Aircraft

The wake of an aircraft is composed, when fully rolled-up, of a pair of counter-rotating vortices that can live up to several minutes after the aircraft has flown by. The encounter with such a wake could be hazardous to any following aircraft. Hence, separation standards are imposed between aircraft, based upon this wake turbulence hazard. Nowadays, air traffic increase has made these wake vortex separation standards a limiting factor on the capacity of the busiest airports. Reducing the separation minima, while maintaining or even improving the safety level, hence represents a major economic interest for all market players: airports, aircraft manufacturers, Air Navigation Service Providers, air traffic safety regulators and airlines.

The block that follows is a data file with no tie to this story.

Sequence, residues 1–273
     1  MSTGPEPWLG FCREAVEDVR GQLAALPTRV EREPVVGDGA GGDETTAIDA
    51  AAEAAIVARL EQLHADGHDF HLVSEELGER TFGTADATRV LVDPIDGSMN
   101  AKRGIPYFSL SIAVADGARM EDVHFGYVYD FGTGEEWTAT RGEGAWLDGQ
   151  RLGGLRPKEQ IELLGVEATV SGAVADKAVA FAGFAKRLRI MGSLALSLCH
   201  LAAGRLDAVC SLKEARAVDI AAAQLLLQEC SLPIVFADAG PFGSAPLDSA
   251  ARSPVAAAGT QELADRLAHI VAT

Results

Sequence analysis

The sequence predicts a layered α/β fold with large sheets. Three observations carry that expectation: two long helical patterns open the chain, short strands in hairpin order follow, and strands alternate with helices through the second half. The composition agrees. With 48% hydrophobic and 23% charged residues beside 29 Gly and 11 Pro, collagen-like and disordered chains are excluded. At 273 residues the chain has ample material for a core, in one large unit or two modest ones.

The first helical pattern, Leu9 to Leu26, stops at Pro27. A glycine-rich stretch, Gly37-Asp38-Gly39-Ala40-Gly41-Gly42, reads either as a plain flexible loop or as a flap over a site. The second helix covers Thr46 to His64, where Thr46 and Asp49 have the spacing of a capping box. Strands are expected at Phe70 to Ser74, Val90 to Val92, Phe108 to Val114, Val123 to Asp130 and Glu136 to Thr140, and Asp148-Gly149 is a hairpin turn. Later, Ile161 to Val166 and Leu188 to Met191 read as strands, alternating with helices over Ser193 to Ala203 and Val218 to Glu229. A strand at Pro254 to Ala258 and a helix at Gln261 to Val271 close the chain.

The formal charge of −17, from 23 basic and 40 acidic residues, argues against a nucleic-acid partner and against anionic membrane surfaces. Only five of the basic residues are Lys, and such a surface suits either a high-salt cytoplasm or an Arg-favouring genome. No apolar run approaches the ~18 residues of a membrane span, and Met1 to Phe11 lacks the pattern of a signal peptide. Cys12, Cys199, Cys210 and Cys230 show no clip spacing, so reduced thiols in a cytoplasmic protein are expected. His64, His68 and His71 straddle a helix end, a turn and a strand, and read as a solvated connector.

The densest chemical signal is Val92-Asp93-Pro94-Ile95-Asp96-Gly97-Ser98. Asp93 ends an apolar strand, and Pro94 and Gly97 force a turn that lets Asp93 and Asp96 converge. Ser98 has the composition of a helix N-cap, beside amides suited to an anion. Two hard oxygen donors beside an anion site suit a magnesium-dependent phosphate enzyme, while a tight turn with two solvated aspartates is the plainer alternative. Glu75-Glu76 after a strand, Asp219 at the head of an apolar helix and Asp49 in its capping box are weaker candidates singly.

WaPT experts use their know-how and wake modeling tools to support the definition, the refinement and the certification of new operational concepts for Air Traffic Management (ATM). The application of these new concepts should allow air traffic controllers to cope with airport congestion issues.

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